$variable
 class Test
   def initialize(arg1='kiwi')
     @instvar=arg1
     @@classvar=@instvar+' told you so!!'
     localvar=@instvar
   end
   def print_instvar
     puts @instvar
   end
   def print_localvar
     puts @@classvar
     puts localvar
   end
 end
 var=Test.new
 var.print_instvar              #=>"kiwi", it works because a @instance_var can be accesed inside the class
 var.print_localvar             #=>undefined local variable or method 'localvar' for #<Test:0x2b36208 @instvar="kiwi"> (NameError).

This will print the two lines "kiwi" and "kiwi told you so!!", then fail with a undefined local variable or method 'localvar' for #<Test:0x2b36208 @instvar="kiwi"> (NameError). Why? Well, in the scope of the method print_localvar there doesn't exists localvar, it exists in method initialize(until GC kicks it out). On the other hand, class variables '@@classvar' and '@instvar' are in scope across the entire class and, in the case of @@class variables, across the children classes.

 class SubTest < Test
   def print_classvar
     puts @@classvar
   end
 end
 newvar=SubTest.new              #newvar is created and it has @@classvar with the same value as the var  instance of Test!!
 newvar.print_classvar           #=>kiwi told you so!! 

Class variables have the scope of parent class AND children, these variables can live across classes, and can be affected by the children actions ;-)

 class SubSubTest < Test
   def print_classvar
     puts @@classvar
   end
   def modify_classvar
     @@classvar='kiwi kiwi waaai!!'
   end
 end
 subtest=SubSubTest.new          
 subtest.modify_classvar          #lets add a method that modifies the contents of @@classvar in  SubSubTest
 subtest.print_classvar

This new child of Test also has @@classvar with the original value newvar.print_classvar. The value of @@classvar has been changed to 'kiwi kiwi waaai!!' This shows that @@classvar is "shared" across parent and child classes.

Default scope[edit]

When you don't enclose your code in any scope specifier, ex:

 @a = 33

it affects the default scope, which is an object called "main".

For example, if you had one script that says

@a = 33
require 'other_script.rb'

and other_script.rb says

puts @a
 #=> 33

They could share variables.

Note however, that the two scripts don't share local variables.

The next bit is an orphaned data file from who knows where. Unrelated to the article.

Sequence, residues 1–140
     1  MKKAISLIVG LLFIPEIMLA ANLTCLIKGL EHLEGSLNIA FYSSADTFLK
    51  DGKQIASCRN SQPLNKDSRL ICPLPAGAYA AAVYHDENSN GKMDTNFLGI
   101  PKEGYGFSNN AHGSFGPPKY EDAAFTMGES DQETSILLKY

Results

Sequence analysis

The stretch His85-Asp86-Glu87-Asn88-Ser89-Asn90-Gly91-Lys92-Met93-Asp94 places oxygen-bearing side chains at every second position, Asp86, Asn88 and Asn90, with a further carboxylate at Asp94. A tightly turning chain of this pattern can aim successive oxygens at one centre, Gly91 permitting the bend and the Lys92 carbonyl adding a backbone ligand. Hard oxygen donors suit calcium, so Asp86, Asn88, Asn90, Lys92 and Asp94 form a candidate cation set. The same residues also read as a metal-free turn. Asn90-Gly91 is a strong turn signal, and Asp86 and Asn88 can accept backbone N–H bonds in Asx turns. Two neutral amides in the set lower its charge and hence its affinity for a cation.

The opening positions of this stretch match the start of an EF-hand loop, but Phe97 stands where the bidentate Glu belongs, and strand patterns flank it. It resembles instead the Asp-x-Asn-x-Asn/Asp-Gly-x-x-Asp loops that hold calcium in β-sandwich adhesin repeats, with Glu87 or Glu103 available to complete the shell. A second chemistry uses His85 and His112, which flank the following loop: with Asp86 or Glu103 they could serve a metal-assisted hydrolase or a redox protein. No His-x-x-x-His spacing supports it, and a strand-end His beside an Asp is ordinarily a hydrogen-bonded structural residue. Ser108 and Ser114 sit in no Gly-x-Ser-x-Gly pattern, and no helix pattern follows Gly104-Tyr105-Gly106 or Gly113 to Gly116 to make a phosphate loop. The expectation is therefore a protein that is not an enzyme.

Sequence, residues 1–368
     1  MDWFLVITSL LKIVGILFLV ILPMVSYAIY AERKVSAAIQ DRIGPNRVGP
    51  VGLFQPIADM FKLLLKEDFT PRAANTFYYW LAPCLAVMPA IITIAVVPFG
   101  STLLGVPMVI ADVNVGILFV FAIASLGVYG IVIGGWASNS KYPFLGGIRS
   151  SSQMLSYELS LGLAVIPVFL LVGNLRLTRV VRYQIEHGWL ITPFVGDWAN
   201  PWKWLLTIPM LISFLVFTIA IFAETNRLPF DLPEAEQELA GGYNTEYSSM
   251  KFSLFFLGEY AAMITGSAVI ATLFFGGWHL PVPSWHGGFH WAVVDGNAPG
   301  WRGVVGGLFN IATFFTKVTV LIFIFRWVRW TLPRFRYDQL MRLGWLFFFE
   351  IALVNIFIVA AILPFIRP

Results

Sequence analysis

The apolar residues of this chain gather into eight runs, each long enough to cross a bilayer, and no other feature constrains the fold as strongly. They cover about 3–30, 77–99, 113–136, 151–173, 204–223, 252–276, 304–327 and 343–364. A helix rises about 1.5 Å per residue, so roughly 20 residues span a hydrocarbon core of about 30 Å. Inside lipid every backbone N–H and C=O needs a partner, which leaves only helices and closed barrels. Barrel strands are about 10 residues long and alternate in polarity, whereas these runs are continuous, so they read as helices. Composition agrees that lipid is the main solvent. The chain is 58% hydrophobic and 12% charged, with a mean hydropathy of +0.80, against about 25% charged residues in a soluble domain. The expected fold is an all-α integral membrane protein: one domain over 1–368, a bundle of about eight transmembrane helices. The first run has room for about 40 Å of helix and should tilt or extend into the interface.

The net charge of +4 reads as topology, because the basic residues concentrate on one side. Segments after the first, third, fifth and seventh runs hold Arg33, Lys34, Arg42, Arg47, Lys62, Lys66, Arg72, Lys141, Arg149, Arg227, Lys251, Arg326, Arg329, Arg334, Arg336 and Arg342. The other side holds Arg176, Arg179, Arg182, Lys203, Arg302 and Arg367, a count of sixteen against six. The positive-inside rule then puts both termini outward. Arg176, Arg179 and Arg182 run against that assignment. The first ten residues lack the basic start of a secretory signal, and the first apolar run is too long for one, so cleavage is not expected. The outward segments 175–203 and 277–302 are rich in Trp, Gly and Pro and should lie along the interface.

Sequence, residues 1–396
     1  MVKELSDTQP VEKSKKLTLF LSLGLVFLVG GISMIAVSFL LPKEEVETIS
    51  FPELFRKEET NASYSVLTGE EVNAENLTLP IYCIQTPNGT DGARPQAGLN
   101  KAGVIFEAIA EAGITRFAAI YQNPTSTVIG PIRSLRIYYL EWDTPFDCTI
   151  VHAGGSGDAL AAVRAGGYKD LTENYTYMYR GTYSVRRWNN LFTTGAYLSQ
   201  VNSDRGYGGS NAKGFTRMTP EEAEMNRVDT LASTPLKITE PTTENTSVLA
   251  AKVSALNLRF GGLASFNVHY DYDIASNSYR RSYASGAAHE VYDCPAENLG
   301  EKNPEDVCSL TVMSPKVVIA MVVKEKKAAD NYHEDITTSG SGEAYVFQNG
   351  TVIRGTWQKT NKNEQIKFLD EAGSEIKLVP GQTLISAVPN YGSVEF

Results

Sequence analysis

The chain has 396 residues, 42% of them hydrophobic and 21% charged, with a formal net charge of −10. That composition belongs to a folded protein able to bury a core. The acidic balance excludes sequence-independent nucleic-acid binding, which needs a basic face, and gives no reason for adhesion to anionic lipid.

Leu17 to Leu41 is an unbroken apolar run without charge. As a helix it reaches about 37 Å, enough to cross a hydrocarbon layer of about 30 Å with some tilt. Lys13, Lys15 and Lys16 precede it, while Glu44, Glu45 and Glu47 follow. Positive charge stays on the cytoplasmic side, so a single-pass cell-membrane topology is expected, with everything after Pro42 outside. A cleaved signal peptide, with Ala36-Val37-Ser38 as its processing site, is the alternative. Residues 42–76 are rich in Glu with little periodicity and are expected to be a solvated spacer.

Local scope gotchas[edit]

Typically when you are within a class, you can do as you'd like for definitions, like.

class A
  a = 3
  if a == 3

    def go 
       3
    end
  else
    def go
       4
    end  
  end

end

And also, procs "bind" to their surrounding scope, like

 a = 3
 b = proc { a }
 b.call # 3 -- it remembered what a was

However, the "class" and "def" keywords cause an *entirely new* scope.

class A
  a = 3
  def go
     return a # this won't work!
  end
end

You can get around this limitation by using define_method, which takes a block and thus keeps the outer scope (note that you can use any block you want, to, too, but here's an example).

class A
   a = 3
  define_method(:go) { 
      a
  }
end

Here's using an arbitrary block

a = 3
PROC = proc { a } # gotta use something besides a local
# variable because that "class" makes us lose scope.

class A
  define_method(:go, &PROC)
end

or here

 class A
 end
a = 3
 A.class_eval do
   define_method(:go) do
       puts a
   end
end

Logical And[edit]

The binary "and" operator will return the logical conjunction of its two operands. It is the same as "&&" but with a lower precedence. Example:

a = 1
b = 2
c = nil
puts "yay all my arguments are true" if a and b
puts "oh no, one of my argument is false" if a and c

Logical Or[edit]

The binary "or" operator will return the logical disjunction of its two operands. It is the same as "||" but with a lower precedence. Example:

a = nil
b = "foo"
c = a || b  # c is set to "foo" it's the same as saying c = (a || b)
c = a or b  # c is set to nil   it's the same as saying (c = a) || b which is not what you want.